There are unquestioned protocols for whether to have an IV during labor, vaginal exams to check dilation during labor (which can be painful and invasive and may increase a woman’s risk of uterine infection), early versus delayed umbilical cord clamping (more on that here), rushed or medicated delivery of the placenta versus passing it naturally. Parents may not get to decide about the “golden hour” immediately after birth for skin-to-skin contact and early breastfeeding establishment. A woman may even not be totally aware of the risks that come with a cesarean section or the factors that increase the chance of needing one.
A woman’s trust in her own body has the chance to be stripped away at every step of the childbearing process. Can you believe some hospitals still maintain that a woman should not be allowed to eat or drink during labor?
It’s time to go back to the basics and ask ourselves who owns a birth — the woman, the medical provider, the state? Who should take ultimate responsibility for the outcome of the birth and why?
We are told that all that matters, in the end, is a healthy mom and healthy baby — but the results of feeling ashamed, humiliated, powerless, violated, and full of regret are not healthy. And those feelings do not go away after birth. In fact, they often interfere with parenting and the confidence of mothering our children. It can weigh a woman down when she should be setting herself up for optimal postpartum healing and newborn bonding. This surrender of power can even set the tone for interactions with the child’s health care providers as well.
The truth is that our health care system is still very much rooted in patriarchy and the superiority complex of medical professionals. White coats trump the innate knowing and awareness a woman has over her own bodily functions and history. It leaves little space for self-education and holistic assessment of various situations. The effect is reductionist and treats women like they are on an assembly line rather than providing individualized care and understanding highly personal concerns.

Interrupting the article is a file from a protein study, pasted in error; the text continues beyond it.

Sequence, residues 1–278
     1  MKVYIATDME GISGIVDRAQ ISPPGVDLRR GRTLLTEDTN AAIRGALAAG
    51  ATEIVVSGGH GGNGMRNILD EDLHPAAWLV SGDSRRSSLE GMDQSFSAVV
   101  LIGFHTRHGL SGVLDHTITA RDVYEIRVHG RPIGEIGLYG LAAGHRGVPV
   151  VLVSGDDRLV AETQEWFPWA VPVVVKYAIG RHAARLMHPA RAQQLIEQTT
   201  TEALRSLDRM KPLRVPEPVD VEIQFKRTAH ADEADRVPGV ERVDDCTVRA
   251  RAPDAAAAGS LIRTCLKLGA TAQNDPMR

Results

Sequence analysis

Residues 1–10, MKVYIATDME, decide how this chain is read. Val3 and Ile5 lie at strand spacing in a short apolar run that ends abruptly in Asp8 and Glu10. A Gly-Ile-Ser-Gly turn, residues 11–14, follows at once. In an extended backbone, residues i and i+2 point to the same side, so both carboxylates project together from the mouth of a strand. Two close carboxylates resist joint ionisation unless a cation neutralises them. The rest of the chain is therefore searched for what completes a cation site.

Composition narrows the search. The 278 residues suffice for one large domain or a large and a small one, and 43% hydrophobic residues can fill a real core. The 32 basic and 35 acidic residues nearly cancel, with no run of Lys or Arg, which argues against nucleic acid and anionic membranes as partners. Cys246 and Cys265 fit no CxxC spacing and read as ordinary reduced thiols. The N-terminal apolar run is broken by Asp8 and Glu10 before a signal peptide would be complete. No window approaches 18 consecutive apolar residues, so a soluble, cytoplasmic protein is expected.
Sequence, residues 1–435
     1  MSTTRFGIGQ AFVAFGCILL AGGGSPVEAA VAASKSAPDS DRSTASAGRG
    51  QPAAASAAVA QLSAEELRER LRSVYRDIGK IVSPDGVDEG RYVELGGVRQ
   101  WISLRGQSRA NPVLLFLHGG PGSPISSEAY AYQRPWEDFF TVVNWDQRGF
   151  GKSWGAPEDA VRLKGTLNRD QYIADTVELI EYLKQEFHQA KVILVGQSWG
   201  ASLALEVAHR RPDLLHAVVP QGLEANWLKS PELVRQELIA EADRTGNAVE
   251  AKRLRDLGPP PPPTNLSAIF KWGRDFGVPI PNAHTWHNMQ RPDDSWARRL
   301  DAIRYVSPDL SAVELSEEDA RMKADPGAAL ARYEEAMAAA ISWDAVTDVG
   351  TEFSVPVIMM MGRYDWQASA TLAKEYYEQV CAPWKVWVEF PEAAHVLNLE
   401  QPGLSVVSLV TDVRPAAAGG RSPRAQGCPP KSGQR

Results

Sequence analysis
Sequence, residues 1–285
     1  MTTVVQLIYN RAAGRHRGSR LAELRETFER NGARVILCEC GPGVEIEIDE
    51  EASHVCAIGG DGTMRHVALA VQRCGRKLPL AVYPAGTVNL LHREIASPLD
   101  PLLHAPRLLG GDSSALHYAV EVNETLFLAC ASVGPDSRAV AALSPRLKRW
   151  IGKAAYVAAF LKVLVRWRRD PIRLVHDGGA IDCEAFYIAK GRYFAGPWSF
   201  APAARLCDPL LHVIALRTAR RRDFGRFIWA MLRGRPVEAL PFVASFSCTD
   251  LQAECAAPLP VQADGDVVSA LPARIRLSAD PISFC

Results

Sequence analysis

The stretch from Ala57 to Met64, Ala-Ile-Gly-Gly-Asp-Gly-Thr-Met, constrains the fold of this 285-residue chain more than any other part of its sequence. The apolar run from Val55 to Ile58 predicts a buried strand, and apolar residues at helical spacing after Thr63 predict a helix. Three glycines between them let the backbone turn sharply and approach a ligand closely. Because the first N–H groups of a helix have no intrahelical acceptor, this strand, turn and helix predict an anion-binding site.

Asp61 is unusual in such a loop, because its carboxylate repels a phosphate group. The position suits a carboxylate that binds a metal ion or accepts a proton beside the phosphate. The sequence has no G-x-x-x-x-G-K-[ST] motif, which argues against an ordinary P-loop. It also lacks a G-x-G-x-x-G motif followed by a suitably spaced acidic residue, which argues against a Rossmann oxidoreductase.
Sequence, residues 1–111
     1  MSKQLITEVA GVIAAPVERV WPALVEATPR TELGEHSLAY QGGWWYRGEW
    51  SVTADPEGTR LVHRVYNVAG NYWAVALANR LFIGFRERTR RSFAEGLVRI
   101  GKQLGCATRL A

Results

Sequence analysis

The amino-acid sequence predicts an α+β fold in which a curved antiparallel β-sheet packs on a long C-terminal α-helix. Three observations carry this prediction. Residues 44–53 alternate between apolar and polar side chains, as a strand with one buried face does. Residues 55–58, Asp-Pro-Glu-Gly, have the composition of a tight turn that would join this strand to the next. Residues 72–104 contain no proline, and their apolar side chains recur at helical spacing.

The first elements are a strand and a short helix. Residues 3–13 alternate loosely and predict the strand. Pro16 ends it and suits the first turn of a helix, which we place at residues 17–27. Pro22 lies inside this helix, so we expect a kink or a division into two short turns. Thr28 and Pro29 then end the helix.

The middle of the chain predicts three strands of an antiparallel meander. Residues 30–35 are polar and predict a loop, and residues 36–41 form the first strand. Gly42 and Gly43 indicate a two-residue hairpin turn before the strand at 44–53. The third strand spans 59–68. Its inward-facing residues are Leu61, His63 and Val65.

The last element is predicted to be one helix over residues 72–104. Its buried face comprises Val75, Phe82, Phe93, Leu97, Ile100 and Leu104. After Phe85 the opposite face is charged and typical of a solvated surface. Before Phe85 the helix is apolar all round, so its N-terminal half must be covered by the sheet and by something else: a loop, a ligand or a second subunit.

“Routine” is not always necessary and right for every woman, and some interventions are not even evidence-based. Yet state regulation and liability paranoia cause health care providers to push for blanket enforcement of certain procedures. And this approach has left many women saying they’ve experienced the eerie feeling of handing over their power during pregnancy and birth. Every woman is entitled to unbiased and holistic information on her options and should have the human right of refusal and to determine what happens to her body and her baby at all times. At the same time, health care practices and providers have policies and procedures and states have regulations, and some of them are based on nothing but agendas and litigation fears.
So, we’re at a bit of a crossroads. It’s time to go back to the basics and ask ourselves who owns a birth — the woman, the medical provider, the state? Who should take ultimate responsibility for the outcome of the birth and why? Is birth a medical emergency waiting to happen or a physiological event that should be allowed to unfold naturally until an evidence-based concern arises? Even then, are interventions presented as recommended options or as obligations that strip the woman of bodily autonomy and consent?
Regardless of the risks that a mother and baby may face by choosing to opt out of an intervention, it is her right to choose at the end of the day. The way that makes a health care provider feel is irrelevant in comparison to that right.
Until the system puts its patriarchal ego to the side and places the power of pregnancy and birth back into the hands of its original owners, birth trauma will remain. PTSD will remain. Sexual assault during delivery will remain. Until pre- and postnatal care become woman-centered rather than litigation-centered, coercion, fear-mongering, and unnecessary procedures will keep happening.